The Importance of Being Earnestly Organized
As its name suggests, DL2 exists to organize your stuff into libraries. It automatically discovers songs, videos, and audiobooks from your iTunes library (and keeps this information in sync with any changes made within iTunes), but you can also add physical media such as CDs in standard jewel cases or paper cartons, DVDs, Blu-Ray, HD DVD, UMD, 7" and 10" vinyl, XBox, XBox 360, Wii, and Playstation 3 video games and other software titles, or even your gadget hardware, tools, toys, and apparel. Items from Library collections can be organized into Shelves. Shelves and Libraries can be presented graphically (below top), or as a flat item listing along with the desired attributes (below bottom).
Smart Shelves act just like other smart collections in Leopard-style apps, allowing you to view live search results for any rule set of library items, such as movies from the 80s from a particular genre with a given rating.
Items can be entered manually, by dragging in URLs from Amazon, or by importing data from other applications. The slickest way to populate your collection, however, is to use the application's bar code scanner integration with a webcam such as the iSight built into all modern Mac notebooks. Once a DVD or any other item is scanned, the program looks up the UPC code from Amazon and adds the item to your library along with all the metadata it can find, including cover art.
Library items presented on a graphical shelf smartly composite the plain album art from iTunes or Amazon onto a dimensional CD jewel case, DVD box, or book outline in a way that makes for an attractive rendering. Media titles are presented against a woodgrain bookcase shelf (below top), while gadgets (such as computers, smartphones, iPods, or other peripherals) are drawn against a metal rack (below middle), and tools are hung up against a perforated workshop board (below bottom).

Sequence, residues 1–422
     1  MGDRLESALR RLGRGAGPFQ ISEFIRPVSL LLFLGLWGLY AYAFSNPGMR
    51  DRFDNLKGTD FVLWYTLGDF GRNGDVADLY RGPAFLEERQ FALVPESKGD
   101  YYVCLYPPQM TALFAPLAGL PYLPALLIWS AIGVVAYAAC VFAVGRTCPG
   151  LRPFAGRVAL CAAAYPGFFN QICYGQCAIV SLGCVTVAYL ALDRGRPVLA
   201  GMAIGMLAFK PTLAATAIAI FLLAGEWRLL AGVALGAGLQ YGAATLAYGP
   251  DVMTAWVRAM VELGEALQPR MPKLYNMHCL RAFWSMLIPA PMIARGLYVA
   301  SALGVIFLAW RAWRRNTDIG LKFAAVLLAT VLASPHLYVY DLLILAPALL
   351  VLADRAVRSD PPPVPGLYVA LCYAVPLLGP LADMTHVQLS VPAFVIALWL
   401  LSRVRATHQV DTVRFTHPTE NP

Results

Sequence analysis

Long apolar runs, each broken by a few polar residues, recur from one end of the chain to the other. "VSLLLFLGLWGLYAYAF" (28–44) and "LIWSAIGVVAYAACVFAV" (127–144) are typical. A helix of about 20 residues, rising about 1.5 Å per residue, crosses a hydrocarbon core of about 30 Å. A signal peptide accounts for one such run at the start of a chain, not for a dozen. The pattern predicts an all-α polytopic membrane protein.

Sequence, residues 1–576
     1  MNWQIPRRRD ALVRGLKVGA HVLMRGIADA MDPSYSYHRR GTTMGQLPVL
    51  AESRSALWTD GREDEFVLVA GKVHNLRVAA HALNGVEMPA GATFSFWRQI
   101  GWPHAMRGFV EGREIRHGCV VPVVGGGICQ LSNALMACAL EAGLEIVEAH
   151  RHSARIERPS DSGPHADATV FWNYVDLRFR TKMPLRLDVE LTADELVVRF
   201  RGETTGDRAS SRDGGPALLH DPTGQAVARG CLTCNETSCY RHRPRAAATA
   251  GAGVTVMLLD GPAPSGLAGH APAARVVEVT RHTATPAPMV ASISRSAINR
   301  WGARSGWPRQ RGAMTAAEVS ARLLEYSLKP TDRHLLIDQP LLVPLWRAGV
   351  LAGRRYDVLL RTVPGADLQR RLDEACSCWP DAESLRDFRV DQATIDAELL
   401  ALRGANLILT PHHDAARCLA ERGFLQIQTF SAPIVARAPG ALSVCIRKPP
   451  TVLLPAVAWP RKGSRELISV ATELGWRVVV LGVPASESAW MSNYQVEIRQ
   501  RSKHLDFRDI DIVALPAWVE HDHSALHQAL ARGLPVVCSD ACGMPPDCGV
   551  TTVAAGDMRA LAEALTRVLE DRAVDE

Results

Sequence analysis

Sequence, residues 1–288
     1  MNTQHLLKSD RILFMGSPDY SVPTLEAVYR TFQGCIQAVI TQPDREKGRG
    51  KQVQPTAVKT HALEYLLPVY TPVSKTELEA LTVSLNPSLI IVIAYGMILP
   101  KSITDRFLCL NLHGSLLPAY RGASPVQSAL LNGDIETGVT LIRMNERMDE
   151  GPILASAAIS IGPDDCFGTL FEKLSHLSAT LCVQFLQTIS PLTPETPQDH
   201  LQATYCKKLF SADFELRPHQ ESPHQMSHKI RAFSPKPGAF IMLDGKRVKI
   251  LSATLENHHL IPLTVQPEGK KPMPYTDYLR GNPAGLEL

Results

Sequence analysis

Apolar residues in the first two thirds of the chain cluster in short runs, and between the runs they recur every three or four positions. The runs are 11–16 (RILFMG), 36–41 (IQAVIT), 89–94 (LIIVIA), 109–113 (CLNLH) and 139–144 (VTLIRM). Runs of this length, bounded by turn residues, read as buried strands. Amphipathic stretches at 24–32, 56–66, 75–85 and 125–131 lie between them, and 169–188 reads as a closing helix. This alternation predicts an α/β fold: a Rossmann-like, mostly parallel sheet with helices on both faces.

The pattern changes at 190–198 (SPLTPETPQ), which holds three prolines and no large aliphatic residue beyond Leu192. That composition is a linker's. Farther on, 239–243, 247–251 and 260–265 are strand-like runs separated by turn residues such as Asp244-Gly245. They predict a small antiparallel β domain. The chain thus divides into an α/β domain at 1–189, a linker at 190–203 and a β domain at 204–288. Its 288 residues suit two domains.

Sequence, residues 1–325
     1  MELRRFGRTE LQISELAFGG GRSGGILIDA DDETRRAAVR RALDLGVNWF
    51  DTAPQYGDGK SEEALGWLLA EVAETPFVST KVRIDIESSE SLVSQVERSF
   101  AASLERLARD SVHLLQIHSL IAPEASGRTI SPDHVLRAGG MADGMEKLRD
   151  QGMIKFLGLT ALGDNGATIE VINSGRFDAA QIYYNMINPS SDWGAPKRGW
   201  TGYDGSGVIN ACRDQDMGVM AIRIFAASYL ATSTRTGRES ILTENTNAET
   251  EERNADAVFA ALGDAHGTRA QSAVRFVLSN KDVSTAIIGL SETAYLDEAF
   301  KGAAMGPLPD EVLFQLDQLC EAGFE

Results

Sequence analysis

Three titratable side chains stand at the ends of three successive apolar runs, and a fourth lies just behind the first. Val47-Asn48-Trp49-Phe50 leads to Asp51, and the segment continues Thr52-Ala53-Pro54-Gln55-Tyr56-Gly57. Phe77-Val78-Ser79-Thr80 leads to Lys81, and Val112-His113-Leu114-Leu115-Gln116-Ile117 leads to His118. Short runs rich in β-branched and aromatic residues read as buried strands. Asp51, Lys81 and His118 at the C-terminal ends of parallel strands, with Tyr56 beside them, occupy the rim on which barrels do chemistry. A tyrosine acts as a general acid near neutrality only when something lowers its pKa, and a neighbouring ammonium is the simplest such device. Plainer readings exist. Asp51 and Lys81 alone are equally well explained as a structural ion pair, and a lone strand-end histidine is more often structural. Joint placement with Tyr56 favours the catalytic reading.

A third pane presents more information on the selected item, including a synopsis from Amazon, user reviews from the web, and recommendation links for buying related items (as presented in the above graphics).
Right-clicking on a item (or clicking its gear action menu) brings up options to play the item (if it's media from iTunes), or to buy or sell it on Amazon as a used item, in the case of a physical object. Recommending the item to a friend will create a simple HTML email with a link to Amazon to buy it, with an affiliate link for Delicious Monster.
Actions can also be initiated with the standard Apple Remote on Macs that support one. The remote can be used to browse the library and play items. Some items that lack a manually associated action URL will automatically play; iTunes songs or movies play from iTunes, while books will open a browser to Amazon's Look Inside site for the title.
You can also add Friends from your Address Book and check items out to them, using a return due date. Checked out items are tagged with an out flag and appear as ghostly outlines on your own library shelf (below), as well as being listed on your Friend's shelf. This makes it easy to track who has what, and send out the needed reminders to get your toys back.
On page 2 of 2: New in Two; Publish and Subscribe; Scan Lines; and Leopard-palooza.